Pius, who had scruples concerning some of the articles which he had signed, laid them before the cardinals and asked their opinion. Several of the cardinals, especially the Italian ones, such as Consalvi, Pacca, Litta, and Di Pietro, stated that some of the articles were contrary to the canon law and the legitimate jurisdiction of the Roman see, and pregnant with the most serious evils to the Church, and they urged the necessity of a prompt retraction. They quoted the example of Paschal II, who, in similar circumstances having ceded to the emperor Henry V the right of investiture, hastened to submit his conduct to the judgment of a council assembled in the Lateran, and the council revoked the cession. SEE PASCHAL II. Upon this Pius wrote to Napoleon, March 24, retracting his concessions, but proposing a new basis for a concordat; Napoleon, however, took no notice of the retraction, except to exile some of the cardinals who, he thought, had influenced it. Napoleon soon after set off for his army in Germany, and the affair with the pope remained in suspense. It was only after the defeat of the French armies and their expulsion from Germany that Napoleon proposed to restore to the pope the Papal States south of the Apennines, if the pope would agree to a concordat. Pius answered that he would not enter into any negotiations until he was restored to Rome. On Jan. 22, 1814, an order came for the pope to leave Fontainebleau the following day. None of the cardinals were allowed to accompany him. He set out, accompanied by an escort, and was taken to Italy. On arriving at the bridge on the river Nura, in the state of Parma, he met the advanced posts of the Neapolitan troops under Mulrat, who was then making common cause with the allied powers against Napoleon. Murat had taken military occupation of the Roman state, but he offered to give up Rome and the Campagna. Pius, however, preferred stopping at Cesena, his native town, until the political horizon was cleared up. After the abdication of Napoleon and the peace of Paris, Pius made his entrance into Rome, May 24,1814, in the midst of rejoicings and acclamations. His faithful Consalvi soon after resumed his office of secretary of state. By the articles of the congress of Vienna the whole of the Papal States were restored, including the legations, which were not, however, evacuated by the Austrian troops until after the fall of Murat, in 1815.
The remaining years of the life of Pius VII were spent in comparative tranquillity, though not in idleness. He applied himself to adapt, as far as it was practicable, the civil institutions of his dominions to the great changes which had taken place in the social state. By a "motu proprio" of the year 1816 he confirmed the suppression of all feudal imposts, privileges, monopolies, and jurisdictions; he abolished every kind of torture, including that called the "corda," or "estrapade." which was formerly a frequent mode of punishment at Rome; he diminished the land-tax; retained the register of "hypothques," or mortgages, instituted by the French; laid down the basis of a new code of public administration, and in November of the following year he published a new code of civil procedure, in which he regulated the costs of judicial proceedings. He maintained the commercial courts established by the French, as well as the new system of police, enforced by a regular corps of carabineers, instead of the old "sbirri," who were ineffective and corrupt (Tournon, Etudes statistiques sur Rome, bk. 4, ch. 6). Unfortunately, however, the old system of secret proceedings in criminal matters was restored, as well as that of the ecclesiastical courts, which have jurisdiction also over laymen. Pius, however, also made some important alterations in the form of proceeding of the Inquisition, abolishing torture as well as the punishment of death for offences concerning religion. He did perhaps all that he could do as a pope, and certainly more than any pope had done before him. Cardinal Consalvi took vigorous measures to extirpate the banditti of the Campagria; and in July, 1819, he ordered the town of Sonnino, a nest of incorrigible robbers, to be razed to the ground. With regard to spiritual matters, Pius concluded a new concordat with France, Naples, Bavaria, and other states. He condemned by a bull the political society of Carbonari, as well as other secret societies. In the month of July 1823, the aged pontiff had a fall in his apartments and broke his thigh. This accident brought on inflammation, and he died Aug. 20. He was succeeded by Leo XII (q.v.). Thorwaldsen was commissioned to make his monument, which has been placed in St. Peter's. Pius VII stands prominent among the long series of popes for his exemplary conduct under adversity, his Christian virtues, and his general benevolence and charity. Free from nepotism, virtuous, modest, unassuming, and personally disinterested, he was a stanch, though temperate, defender of the rights of his see; and his meek bearing and unblemished character engaged on his side the sympathies of the whole Christian world, without distinction of community or sect, during the long struggle with his gigantic and ungenerous adversary. A selection of his bulls, breves, etc., are found in Roskovany, Monum. Cath. pro independentiaupotest. eccl. Quinque eccl. (1847), 2, 1 sq. The Bullarium Romanum continuat contains in vol. 11 and 12 (Rom. 1846) all bulls and breves till 1806. See Cohen, Precis histor. sur Pie VII (Par. 1823); Simon, La Vie politique et privee de Pie VII (ibid.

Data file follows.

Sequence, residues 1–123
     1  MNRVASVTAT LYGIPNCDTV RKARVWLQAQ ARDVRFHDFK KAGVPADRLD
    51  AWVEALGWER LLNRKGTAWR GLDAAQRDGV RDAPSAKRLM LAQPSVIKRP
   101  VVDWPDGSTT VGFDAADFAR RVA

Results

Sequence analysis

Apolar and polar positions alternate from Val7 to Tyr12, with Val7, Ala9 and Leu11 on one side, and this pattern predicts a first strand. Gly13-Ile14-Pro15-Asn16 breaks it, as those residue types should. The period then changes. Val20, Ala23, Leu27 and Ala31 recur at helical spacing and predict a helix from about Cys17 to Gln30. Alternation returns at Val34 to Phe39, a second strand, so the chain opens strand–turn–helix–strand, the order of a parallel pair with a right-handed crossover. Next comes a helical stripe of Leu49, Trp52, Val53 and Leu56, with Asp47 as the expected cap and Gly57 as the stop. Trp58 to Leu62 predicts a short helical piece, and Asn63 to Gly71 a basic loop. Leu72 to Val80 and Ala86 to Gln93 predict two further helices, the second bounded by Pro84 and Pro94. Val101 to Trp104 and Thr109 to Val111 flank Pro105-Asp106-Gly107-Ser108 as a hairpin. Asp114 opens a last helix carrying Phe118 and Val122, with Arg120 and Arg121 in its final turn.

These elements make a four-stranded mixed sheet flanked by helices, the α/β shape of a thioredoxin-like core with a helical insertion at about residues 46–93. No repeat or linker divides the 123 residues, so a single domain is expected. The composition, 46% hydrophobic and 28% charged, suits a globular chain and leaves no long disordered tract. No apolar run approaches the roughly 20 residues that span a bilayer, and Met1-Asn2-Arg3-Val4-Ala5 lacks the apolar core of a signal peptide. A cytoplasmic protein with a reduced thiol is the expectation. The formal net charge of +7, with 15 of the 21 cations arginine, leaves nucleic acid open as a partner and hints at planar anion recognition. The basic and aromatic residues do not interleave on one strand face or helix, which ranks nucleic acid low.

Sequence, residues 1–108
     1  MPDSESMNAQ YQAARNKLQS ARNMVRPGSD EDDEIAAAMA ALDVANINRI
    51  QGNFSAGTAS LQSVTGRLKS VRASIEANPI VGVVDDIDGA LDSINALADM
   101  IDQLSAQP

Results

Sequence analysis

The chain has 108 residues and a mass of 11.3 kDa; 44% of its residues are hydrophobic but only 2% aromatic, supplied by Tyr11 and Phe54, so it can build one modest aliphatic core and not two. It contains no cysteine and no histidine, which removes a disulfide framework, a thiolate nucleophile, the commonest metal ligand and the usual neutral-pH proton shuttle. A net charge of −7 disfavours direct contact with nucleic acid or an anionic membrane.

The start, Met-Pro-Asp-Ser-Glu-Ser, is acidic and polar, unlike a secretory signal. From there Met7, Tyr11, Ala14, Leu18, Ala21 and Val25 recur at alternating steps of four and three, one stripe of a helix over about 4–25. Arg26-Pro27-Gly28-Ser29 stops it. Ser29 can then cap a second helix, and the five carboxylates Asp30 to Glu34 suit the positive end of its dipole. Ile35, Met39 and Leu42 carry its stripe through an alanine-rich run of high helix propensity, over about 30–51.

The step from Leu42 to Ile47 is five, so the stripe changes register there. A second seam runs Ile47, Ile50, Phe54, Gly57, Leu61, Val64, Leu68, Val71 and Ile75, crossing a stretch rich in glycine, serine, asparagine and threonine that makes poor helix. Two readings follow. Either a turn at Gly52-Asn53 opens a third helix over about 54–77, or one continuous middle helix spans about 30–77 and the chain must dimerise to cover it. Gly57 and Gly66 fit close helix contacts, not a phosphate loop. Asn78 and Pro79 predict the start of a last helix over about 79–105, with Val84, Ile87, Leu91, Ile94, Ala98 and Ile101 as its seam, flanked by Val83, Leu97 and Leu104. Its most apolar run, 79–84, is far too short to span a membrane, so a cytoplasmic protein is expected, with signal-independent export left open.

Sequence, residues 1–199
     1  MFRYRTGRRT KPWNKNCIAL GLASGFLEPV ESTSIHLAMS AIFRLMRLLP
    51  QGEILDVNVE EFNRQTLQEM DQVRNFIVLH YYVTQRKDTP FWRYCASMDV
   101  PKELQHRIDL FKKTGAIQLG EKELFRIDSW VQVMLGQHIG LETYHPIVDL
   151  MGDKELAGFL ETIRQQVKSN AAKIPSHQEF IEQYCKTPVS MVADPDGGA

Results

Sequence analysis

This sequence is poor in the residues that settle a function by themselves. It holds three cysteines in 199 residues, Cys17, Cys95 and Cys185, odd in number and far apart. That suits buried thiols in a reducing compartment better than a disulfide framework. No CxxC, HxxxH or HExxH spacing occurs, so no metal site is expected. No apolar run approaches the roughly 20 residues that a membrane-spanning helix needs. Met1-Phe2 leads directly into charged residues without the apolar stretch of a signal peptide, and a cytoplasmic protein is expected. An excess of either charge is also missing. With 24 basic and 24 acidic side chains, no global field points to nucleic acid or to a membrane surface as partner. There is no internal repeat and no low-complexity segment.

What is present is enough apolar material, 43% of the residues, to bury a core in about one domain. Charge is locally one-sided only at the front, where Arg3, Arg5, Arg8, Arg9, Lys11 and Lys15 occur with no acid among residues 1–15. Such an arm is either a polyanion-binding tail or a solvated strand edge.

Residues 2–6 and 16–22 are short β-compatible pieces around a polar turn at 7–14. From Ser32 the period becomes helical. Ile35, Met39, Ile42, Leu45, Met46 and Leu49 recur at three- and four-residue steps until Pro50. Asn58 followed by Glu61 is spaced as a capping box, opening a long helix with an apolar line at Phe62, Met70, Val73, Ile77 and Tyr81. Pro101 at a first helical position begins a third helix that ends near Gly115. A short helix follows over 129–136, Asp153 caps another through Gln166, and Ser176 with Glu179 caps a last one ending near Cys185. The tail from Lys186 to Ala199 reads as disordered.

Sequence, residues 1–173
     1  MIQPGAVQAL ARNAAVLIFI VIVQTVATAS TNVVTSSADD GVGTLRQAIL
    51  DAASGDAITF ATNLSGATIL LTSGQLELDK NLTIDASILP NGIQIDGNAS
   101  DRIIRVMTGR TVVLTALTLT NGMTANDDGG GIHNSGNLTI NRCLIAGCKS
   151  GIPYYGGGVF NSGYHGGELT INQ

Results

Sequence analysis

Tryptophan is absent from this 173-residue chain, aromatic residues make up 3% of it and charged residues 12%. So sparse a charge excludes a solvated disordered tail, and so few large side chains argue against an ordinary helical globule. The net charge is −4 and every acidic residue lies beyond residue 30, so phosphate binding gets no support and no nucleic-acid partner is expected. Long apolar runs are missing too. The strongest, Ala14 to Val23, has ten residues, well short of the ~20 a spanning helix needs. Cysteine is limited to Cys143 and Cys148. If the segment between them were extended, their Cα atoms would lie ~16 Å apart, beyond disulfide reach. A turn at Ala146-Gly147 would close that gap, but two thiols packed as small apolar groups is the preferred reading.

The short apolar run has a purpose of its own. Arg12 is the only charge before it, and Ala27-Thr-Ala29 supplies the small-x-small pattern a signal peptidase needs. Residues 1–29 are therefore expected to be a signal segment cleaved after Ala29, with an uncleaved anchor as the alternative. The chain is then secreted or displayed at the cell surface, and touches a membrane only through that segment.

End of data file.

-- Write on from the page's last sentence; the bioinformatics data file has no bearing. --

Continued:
1824); Jager, Lebensbeschreibung des Papsfes Pius VII (Frkf. 1824); Artaud de Montor, Hist. de la Vie et du Pontificat du Pupe Pie VII, (3rd ed. Paris, 1839, 2 vols. 8vo); and Cardinal Pacca's Historical Memoirs, transl. into English by Sir George Head (Lond. 1850, 2 vols. post 8vo); the London Review, 1854, pt. 2, p. 77; Ranke, History of the Papacy, 2, 311 sq., et al.; Bower, History of the Popes, vol. 8; Church Journal, vol. 7; Stud. und Krit. 1867, No. 1; English Cyclopedia.